Thanks to a really well written, genuinely insightful profile in, of all places, the usually leaden New York Times Magazine, by writer Ze’ve Chafetz, we have all absorbed the fact that Mike Huckabee, graduate of Ouachitha Baptist University in Arkadelphia (degree in speech in a mere 2 years) with one year at Southwestern Baptist Theological Seminary, before dropping out, claims not to know enough about Mormonism to ask nasty, disingenuous questions about Jesus and the Devil. But you must read the rest of the piece, in which Huckabee tries his best to be serious, not disingenous, about his qualifications. What he has to say, about policy, and about himself, is unusually revealing.
A few excerpts:
At lunch, when I asked him who influences his thinking on foreign affairs, he mentioned Thomas Friedman, the New York Times columnist, and Frank Gaffney, a neoconservative and the founder of a research group called the Center for Security Policy. This is like taking travel advice from Little Red Riding Hood and the Wolf, but the governor seemed unaware of the incongruity. …
‘‘If you aren’t for some reason elected president, what cabinet position would you be suited for?’’ I asked. Huckabee paused, considering. ‘‘Secretary of health and human services would be one,’’ he said. ‘‘Secretary of transportation, or the interior.’’ Perhaps aware that this wasn’t a Mount Rushmore self-evaluation, he quickly added that he doesn’t really want a cabinet position or any other government job. ‘‘I’d be just as happy to go back to Arkansas and open a bait shop on a lake,’’ he said….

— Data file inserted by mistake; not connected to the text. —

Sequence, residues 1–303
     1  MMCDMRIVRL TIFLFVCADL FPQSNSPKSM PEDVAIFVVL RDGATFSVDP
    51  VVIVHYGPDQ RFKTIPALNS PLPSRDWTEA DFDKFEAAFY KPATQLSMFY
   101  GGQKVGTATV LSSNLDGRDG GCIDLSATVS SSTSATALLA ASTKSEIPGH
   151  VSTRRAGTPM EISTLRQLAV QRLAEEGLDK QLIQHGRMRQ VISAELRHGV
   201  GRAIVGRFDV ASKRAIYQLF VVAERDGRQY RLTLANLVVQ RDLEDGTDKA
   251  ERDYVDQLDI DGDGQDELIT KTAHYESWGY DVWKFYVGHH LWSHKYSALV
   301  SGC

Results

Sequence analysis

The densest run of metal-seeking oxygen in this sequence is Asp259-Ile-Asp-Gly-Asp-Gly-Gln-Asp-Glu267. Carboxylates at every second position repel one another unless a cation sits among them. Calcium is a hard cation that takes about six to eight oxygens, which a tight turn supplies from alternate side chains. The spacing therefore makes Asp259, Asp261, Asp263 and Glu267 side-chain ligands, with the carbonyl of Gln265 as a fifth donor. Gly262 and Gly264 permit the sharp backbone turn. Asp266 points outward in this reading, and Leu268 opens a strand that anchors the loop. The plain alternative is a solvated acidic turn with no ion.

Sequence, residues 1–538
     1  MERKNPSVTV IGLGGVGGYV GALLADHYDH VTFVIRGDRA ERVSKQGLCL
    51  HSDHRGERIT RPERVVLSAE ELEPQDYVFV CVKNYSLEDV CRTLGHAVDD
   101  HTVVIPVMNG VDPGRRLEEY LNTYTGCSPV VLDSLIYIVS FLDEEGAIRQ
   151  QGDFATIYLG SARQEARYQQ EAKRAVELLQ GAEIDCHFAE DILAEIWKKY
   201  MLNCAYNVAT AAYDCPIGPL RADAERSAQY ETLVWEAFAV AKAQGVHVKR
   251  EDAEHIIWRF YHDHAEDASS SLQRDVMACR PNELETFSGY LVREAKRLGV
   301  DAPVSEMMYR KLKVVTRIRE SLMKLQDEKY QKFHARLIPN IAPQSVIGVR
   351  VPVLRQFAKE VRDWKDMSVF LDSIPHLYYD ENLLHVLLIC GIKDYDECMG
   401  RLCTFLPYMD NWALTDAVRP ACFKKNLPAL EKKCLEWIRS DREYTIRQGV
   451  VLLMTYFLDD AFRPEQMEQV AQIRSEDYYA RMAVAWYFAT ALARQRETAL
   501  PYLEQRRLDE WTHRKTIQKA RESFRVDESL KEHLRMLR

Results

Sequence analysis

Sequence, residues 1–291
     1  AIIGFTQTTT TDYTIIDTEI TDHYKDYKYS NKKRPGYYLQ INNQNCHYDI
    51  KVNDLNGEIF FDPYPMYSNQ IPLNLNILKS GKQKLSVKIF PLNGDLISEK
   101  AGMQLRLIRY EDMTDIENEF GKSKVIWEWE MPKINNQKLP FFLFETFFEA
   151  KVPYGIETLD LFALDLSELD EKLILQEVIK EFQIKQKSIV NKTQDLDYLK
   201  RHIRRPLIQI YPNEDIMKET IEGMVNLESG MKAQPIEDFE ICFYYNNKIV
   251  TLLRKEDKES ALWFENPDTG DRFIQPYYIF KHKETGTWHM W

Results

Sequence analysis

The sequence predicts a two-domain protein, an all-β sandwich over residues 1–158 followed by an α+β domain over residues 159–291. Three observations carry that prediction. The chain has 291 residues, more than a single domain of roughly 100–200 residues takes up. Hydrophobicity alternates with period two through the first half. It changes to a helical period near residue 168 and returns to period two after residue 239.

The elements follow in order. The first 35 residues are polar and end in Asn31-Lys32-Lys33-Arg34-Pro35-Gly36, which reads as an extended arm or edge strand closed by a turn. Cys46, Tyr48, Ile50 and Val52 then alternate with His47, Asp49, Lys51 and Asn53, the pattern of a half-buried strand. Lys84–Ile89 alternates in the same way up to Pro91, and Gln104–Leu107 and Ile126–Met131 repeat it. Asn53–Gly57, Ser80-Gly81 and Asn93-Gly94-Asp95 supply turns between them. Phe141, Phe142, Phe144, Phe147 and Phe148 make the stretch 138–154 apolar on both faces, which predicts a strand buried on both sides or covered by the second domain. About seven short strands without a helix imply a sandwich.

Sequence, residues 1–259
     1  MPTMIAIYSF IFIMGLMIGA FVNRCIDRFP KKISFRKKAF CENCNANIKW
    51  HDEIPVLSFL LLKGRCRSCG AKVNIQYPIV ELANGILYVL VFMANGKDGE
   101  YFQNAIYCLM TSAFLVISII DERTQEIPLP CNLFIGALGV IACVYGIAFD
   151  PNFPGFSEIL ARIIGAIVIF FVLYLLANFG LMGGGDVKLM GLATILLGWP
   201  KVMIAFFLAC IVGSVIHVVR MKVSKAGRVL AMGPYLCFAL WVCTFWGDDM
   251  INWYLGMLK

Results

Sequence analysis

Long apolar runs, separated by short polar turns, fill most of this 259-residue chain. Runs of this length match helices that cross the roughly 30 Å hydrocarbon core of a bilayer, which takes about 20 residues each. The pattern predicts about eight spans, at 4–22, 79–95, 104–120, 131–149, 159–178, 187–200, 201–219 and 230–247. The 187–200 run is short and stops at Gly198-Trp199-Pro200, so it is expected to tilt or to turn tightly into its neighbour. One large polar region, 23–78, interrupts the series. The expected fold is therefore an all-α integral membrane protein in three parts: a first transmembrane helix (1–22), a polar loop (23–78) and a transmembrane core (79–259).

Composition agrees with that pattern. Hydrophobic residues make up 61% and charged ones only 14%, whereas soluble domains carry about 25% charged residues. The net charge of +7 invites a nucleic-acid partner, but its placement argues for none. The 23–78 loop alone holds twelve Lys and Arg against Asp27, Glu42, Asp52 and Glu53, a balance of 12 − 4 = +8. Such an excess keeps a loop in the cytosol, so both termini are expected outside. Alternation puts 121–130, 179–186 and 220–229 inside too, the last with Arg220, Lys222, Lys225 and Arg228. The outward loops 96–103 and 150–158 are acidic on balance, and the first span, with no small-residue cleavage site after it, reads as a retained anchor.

(As I have previously suggested, losing 100 lbs. combined with a no-count state governorship is a fine qualification for the HHS cabinet position. What? You don’t think Arkansas is a no-count state? Read on:)
In 2000, on the Don Imus radio program, Huckabee called his state ‘‘a banana republic.’’ Some Arkansans thought it was funny. Others considered it an effort to ingratiate himself with a national media figure by laughing at them. …
(On the Fair Tax/National Sales Tax — his big economic policy):
Governor Huckabee promises that this plan would be ‘‘like waving a magic wand, releasing us from pain and unfairness.’’ Some reputable economists think the scheme is practicable. Many others regard it as fanciful. (For starters, it would require repealing the 16th Amendment to the Constitution.) In any case, the Fair Tax proposal is based on extremely complex projections. Huckabee does not have an impressive grasp of its details.
‘‘He’ll get hammered in New Hampshire,’’ the Republican consultant Mike Murphy told me. And at some point, Republican elites will begin to ask, Is what we need a smallstate governor who doesn’t believe in Darwin?’’
Whomever Murphy means by “Republican elites” — and I doubt that is talking about the bad old liberal GOP stalwarts — Ladies and Gentlemen, the time to ask that question is now.